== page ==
It seems almost laughably trite to say at this point, but the onset of the COVID pandemic in the U.S. during March 2020 really did change everything. My fellowship with the NSGLC was no exception. The aforementioned workshop about property rights for offshore aquaculture in federal waters, as well as another workshop that the Law Center had already agreed to host about states’ regulation of food safety hazards in raw seafood, became virtual events that gradually rolled out over the following months with the help of professional facilitators and online collaboration tools with which I was previously unfamiliar, such as Mural and Miro. These projects taught me a great deal about not only the multitude of state, federal, foreign, and even international legal frameworks that I researched and relayed to the workshops’ participants, but also the creativity and adaptability that are sometimes required to facilitate effective communication and consensus-building—all invaluable knowledge that I will continue to carry with me through the next chapters of my career.

    My professional development also benefited immensely from formulating responses to Advisory Requests submitted to the NSGLC, which exposed me to a wide variety of contemporary legal issues and allowed me to assist the coastal stakeholders attempting to navigate them. Serving as the Editor of the NSGLC Blog has likewise been my privilege and my pleasure. However, of all the work I’ve done during my fellowship, none has been nearly as unique or as fun as hosting Season 2 of the NSGLC’s Law on the Half Shell podcast. After all, most people graduate from law school expecting to engage in some form of legal writing and research at their first job. But making a podcast? It’s something that I’ve always wanted to try; however, I never thought that I would be asked to podcast at work! I cannot thank my colleagues at the NSGLC enough for affording me the opportunity, and I am likewise grateful to every single guest on the podcast who helped make Season 2 of the podcast possible by taking the time to join us for interviews along the way. New episodes from this season, which is themed “COVID & Coastal Resilience,” will be released later this year. Be sure to keep an eye out for them on the NSGLC’s website and any platforms that you use for listening to podcasts later this year. I hope you enjoy!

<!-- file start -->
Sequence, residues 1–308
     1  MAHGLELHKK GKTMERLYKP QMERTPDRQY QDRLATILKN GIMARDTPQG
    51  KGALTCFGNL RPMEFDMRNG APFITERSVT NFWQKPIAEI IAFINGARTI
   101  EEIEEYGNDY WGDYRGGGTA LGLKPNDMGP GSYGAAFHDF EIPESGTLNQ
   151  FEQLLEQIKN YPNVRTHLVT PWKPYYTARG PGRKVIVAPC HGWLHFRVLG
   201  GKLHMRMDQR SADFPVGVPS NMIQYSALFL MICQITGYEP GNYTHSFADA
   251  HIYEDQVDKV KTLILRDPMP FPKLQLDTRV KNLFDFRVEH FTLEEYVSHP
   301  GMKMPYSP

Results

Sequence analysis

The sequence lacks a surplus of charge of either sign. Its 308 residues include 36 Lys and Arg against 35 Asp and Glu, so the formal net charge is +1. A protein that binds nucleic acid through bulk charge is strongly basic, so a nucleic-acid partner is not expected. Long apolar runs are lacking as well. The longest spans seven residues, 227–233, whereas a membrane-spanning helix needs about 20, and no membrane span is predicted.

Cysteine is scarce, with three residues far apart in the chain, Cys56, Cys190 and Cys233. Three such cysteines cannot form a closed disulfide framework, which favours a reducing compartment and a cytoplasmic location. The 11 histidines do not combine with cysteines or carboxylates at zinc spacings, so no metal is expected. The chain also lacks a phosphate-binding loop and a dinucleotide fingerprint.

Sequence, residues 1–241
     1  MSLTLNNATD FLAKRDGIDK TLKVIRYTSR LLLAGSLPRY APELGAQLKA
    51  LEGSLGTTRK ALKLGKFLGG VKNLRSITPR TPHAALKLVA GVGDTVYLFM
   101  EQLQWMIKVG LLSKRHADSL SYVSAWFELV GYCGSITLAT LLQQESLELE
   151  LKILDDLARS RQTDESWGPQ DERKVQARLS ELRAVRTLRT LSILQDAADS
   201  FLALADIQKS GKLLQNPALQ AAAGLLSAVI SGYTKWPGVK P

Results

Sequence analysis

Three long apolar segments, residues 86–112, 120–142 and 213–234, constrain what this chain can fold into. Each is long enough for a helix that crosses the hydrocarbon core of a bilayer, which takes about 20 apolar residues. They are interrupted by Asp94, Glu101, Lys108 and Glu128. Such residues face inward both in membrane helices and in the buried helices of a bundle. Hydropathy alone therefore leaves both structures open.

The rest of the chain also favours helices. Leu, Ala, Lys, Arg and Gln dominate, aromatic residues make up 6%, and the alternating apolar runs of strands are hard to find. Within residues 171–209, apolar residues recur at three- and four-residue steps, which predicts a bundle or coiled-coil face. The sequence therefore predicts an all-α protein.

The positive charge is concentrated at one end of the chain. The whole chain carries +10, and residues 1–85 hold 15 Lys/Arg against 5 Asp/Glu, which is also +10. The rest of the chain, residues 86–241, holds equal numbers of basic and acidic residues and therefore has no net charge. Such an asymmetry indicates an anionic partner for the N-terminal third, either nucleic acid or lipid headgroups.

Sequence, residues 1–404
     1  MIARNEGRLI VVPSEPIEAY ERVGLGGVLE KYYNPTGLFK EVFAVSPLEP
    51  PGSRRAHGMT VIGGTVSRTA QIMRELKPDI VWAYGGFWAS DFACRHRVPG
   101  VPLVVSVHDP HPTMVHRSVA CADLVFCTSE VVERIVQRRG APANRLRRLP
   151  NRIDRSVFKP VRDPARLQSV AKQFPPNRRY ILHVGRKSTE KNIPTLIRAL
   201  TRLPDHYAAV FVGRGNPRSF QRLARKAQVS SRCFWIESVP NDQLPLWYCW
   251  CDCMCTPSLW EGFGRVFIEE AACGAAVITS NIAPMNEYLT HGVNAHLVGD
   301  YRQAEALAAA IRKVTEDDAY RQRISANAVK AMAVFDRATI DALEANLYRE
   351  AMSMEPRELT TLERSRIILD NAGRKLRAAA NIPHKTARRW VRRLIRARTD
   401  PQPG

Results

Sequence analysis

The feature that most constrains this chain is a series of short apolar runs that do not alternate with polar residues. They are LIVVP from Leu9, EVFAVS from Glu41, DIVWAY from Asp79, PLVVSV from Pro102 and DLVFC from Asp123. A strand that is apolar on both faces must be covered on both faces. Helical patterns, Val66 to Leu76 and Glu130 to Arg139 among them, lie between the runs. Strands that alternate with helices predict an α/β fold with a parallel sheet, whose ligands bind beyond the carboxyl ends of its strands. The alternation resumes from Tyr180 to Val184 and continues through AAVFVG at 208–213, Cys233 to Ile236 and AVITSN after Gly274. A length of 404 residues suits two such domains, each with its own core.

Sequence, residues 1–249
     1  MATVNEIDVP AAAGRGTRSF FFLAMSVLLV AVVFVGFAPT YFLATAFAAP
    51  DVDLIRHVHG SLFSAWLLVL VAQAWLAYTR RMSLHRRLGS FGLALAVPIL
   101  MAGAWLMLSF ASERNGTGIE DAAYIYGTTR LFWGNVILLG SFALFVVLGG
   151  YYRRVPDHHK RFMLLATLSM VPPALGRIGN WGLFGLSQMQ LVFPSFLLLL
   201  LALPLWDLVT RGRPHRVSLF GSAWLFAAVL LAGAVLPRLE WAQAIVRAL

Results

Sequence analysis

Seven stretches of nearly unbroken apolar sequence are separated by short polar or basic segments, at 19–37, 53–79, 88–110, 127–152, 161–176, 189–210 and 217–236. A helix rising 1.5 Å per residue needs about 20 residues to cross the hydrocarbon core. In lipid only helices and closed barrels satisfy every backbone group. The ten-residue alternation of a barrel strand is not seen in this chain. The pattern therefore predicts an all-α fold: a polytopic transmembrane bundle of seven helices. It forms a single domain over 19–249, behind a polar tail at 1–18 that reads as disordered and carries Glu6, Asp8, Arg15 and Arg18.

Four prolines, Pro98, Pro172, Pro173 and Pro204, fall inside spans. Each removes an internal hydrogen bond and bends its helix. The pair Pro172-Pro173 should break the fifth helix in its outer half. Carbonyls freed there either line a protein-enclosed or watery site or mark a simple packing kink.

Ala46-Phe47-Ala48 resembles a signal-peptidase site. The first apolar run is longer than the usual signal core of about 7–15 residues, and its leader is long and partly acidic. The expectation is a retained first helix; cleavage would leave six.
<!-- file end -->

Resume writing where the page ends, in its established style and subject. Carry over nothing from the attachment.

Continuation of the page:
In sum, my experience as an Ocean and Coastal Law Fellow with the NSGLC over the last two years has been nothing short of fantastic. This fellowship and everyone who helped make it so special have left an indelible mark on my professional career (and, of course, my college football allegiances). I cannot thank all of my colleagues at the NSGLC, as well as Kristina Alexander of the Mississippi-Alabama Sea Grant Legal Program, enough for the hospitality, patience, and respect that they have shown me throughout my time in Oxford—I sincerely await the opportunity to pay it forward to other aspiring ocean lawyers in the future. Hotty Toddy!

  • Zachary Klein
    Ocean and Coastal Law Fellow